Tofu is basically coagulated and pressed milk of soy. Many varieties of tofu exist, including soft, firm pressed and silken tofu. Silken tofu has less soy and greater water content and is more fragile than either soft or firm tofu, and is usually used in salads and soups. It looks like soft custard and has a creamy texture. You cannot stir-fry it, as it will disintegrate. It becomes firmer as it is pressed. It’s more difficult to cook with silken tofu than with the firmer varieties.
Press 1 lb. silken tofu with your hands to mold it into a firm, solid form. Cut it into cubes about 1 inch thick.
Place the tofu cubes on a kitchen towel and cover the cubes. Place a flat plate on top of the tofu and put a weight on the plate. Distribute the pressure evenly throughout the plate. Let this set for one to two hours.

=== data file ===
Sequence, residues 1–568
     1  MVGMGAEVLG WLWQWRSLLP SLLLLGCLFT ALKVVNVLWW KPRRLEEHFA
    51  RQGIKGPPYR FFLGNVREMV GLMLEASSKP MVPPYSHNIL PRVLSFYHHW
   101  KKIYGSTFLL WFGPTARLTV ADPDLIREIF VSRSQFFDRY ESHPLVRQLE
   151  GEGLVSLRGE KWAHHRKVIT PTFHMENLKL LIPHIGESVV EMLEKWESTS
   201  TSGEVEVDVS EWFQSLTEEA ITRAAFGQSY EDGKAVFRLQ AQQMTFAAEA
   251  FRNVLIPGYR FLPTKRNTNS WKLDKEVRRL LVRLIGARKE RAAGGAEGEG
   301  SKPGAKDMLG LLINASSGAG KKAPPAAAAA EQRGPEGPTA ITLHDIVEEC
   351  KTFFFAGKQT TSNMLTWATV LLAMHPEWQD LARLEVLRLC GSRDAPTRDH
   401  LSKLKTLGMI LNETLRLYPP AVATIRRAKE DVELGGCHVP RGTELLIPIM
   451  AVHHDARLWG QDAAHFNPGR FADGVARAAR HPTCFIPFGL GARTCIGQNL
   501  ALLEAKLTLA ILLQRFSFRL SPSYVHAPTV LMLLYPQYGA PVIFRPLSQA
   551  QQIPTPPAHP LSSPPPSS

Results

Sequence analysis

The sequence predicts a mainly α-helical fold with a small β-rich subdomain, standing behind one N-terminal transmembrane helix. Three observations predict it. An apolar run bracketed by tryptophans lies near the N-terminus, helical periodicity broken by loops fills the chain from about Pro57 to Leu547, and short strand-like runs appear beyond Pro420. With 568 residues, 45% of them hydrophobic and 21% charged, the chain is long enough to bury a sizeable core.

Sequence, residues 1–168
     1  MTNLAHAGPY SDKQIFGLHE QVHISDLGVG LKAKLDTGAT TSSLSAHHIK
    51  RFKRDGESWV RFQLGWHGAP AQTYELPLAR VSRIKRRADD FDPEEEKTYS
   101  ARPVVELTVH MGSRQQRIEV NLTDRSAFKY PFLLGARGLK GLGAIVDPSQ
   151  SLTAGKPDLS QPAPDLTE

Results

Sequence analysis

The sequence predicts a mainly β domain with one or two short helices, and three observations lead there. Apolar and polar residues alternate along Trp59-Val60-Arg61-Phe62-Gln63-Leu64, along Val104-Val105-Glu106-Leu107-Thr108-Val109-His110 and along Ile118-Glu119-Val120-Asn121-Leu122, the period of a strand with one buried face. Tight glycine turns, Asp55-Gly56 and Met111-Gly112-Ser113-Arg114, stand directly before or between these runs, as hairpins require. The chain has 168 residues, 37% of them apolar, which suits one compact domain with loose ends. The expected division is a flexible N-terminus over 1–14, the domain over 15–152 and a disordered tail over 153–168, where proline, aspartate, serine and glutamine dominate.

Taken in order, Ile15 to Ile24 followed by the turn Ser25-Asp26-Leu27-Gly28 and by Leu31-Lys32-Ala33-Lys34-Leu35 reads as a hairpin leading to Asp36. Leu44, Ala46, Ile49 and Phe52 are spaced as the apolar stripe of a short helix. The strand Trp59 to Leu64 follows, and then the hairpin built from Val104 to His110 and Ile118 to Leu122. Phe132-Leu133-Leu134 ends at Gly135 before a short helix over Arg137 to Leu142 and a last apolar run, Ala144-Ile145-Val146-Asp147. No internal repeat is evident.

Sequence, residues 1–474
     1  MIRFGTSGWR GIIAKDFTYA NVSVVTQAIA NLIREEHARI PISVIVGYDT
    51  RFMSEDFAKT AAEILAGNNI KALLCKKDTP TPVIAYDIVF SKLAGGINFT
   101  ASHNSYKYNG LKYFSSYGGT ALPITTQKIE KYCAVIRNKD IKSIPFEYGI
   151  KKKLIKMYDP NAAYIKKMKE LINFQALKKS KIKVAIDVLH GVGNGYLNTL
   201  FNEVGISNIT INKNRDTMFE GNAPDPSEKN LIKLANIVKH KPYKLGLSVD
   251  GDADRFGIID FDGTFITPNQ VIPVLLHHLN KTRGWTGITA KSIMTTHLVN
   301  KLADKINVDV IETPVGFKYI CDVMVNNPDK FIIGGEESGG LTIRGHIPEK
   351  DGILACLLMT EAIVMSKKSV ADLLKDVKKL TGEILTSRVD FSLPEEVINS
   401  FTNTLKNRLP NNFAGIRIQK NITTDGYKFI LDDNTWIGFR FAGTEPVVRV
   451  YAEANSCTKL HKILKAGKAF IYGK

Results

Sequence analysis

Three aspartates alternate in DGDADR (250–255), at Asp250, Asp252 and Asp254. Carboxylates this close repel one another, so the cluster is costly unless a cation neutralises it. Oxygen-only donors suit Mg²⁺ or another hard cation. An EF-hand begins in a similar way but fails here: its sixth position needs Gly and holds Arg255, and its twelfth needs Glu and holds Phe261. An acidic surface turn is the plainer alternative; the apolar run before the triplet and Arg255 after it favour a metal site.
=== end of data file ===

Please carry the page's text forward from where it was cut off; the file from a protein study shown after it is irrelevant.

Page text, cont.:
Place a pan on medium heat and add ½ cup of vegetable oil. Add the tofu cubes and turn periodically with a spatula, every three to four minutes, until they are all golden brown. Place the tofu on paper towels after cooking to drain away the excess oil.
- "Cook Right 4 Your Type"; Peter J. D'Adamo and Catherine Whitney; 2000
- "Estrogen: The Natural Way -- Over 250 Easy and Delicious Recipes"; Nina Shandler; 1998